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By Mark Forbes Foreign Affairs Correspondent

CANBERRA, Australia (June 14, 2002 – The Age)---Authorities in the Solomon Islands are urgently investigating reports of a massacre during the weekend that left up to 11 people dead on the remote Weather Coast of Guadalcanal Island.

There are concerns that the reports could provoke further violence in the Pacific Ocean islands, where Australian peace monitors are running an unsuccessful program for former rebel groups to hand over weapons.

Police Commissioner Morton Sireheti has expressed "grave concern" about the reports, saying people should remain calm as police were investigating and "fully understood the sensitivity of the incident."

"At this point in time, we have received conflicting reports of an incident involving the use of firearms and the tragic deaths of people from three or more provinces of the Solomon Islands," Mr. Sireheti said.

"No stone will be left unturned in our attempts to investigate and verify all the issues involved.

"If this information is found to be false and people have been maliciously spreading lies, they too will be investigated and charged."

Children were among those believed killed in the alleged massacre as armed rebels attacked a village said to be the headquarters of a rival warlord.

A spokeswoman for the Australian Department of Foreign Affairs said that high commission staff members were urgently investigating the reports. "We are aware of these rumors circulating in Honiara," she said. "At this stage these rumors are unsubstantiated."

Australians were advised to defer any travel to the Solomons, in line with previous warnings, she said.

The islands have suffered a nearly four-year-long civil war, although peace deals and the initial handing over of weapons significantly eased violence over the past 12 months.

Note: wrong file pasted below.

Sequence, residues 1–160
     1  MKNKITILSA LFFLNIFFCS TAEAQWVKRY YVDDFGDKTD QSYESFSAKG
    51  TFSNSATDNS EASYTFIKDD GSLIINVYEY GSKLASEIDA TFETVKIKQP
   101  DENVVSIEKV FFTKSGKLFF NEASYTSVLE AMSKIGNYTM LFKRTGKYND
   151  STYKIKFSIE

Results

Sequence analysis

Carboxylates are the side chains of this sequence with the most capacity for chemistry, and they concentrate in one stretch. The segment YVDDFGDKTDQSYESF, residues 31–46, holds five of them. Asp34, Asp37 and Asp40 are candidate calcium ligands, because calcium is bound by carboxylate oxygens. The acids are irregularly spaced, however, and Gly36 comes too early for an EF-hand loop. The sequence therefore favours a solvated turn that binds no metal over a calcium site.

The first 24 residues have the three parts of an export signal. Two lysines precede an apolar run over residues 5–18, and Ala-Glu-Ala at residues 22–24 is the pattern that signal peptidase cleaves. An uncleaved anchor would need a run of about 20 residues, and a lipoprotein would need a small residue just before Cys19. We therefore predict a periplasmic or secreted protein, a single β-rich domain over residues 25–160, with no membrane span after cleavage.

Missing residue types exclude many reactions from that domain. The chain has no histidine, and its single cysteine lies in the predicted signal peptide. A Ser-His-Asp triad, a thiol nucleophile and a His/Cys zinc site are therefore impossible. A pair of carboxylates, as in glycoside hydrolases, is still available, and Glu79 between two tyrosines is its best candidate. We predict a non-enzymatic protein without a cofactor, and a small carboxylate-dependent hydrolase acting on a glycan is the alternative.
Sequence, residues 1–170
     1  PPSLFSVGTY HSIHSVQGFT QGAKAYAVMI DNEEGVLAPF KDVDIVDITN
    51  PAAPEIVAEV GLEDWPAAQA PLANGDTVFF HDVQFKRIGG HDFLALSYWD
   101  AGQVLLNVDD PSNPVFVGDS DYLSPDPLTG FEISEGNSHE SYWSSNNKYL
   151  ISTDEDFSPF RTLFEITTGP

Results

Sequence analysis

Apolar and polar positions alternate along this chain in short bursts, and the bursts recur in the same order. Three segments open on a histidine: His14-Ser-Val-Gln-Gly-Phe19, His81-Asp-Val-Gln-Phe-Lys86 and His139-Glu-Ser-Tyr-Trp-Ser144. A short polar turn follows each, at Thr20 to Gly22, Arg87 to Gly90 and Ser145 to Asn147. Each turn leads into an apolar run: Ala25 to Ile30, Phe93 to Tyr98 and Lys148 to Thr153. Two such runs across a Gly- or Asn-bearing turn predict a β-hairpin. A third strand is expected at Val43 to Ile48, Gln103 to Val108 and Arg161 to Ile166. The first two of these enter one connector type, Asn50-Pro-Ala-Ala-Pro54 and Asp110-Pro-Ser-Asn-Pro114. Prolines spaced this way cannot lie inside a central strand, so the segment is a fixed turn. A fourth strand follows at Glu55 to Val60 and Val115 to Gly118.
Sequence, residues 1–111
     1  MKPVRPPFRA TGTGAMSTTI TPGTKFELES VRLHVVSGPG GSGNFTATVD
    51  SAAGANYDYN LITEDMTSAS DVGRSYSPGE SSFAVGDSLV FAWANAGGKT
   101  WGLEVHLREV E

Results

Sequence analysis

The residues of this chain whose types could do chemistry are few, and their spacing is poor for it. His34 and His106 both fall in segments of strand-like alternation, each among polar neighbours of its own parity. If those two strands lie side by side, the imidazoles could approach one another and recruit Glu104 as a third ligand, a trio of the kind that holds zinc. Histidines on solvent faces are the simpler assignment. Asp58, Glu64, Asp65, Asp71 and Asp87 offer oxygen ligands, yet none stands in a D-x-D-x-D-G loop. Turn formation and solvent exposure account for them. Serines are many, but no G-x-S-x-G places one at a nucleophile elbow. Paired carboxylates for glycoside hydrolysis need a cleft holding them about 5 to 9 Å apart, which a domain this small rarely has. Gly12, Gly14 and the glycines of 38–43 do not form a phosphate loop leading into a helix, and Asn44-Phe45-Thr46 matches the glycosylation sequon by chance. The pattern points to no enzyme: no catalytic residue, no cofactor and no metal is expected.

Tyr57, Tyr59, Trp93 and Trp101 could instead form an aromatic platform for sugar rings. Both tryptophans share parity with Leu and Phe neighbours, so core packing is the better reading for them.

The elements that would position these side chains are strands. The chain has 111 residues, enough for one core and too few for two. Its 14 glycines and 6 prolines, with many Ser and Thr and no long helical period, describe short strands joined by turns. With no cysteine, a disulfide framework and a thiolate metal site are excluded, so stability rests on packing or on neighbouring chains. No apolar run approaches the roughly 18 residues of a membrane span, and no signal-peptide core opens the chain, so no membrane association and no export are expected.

The process has stalled with at least 500 high-powered weapons still in circulation.

The Weather Coast, inaccessible by road and air, has remained a no-go zone because of warlord Harold Keke, who has refused to hand over weapons.

The civil war began when militants on Guadalcanal tried to drive out migrants from the neighboring island of Malaita.

For additional reports from The Age, go to PACIFIC ISLANDS REPORT News/Information Links: Newspapers/The Age.



HONIARA, Solomon Islands (June 13, 2002 – Radio Australia)---The Solomon Islands Police Commissioner has appealed to the citizenry to remain calm in the wake of reports of several people being killed by armed militants off the coast of Guadalcanal last weekend.

Radio Australia correspondent Sean Dorney reports that stories circulating in the capital, Honiara, about the alleged shootings have caused considerable alarm.

"Several hundred ex-militants who took part in the ethnic war surrendered their weapons in recent weeks to gain amnesty. However, others refused. One prominent Malaita Eagle Force group in Honiara claimed they wouldn't give up their guns until Harold Keke, a Guadalcanal militant from the Weather Coast, gave up his.

"So the reports that people from at least three provinces were killed at the weekend in an alleged incident off the Weather Coast have caused great consternation in the capital.

"The Solomon Islands Police Commissioner, Moreton Sireheti, says police have conflicting versions of what allegedly happened and they're investigating, working closely with the Anglican religious order, the Melanesian Brotherhood, which has contacts on the Weather Coast.

"Two former commanders of the Guadalcanal militia, the Isatabu Freedom Movement, Joseph Sangu and Charles Vangere, say they know of no incident and they have condemned people for spreading what they call rumors.

"Sean Dorney, Radio Australia."

For additional reports from Radio Australia, go to PACIFIC ISLANDS REPORT News/Information Links: Radio/TV News/Radio Australia.

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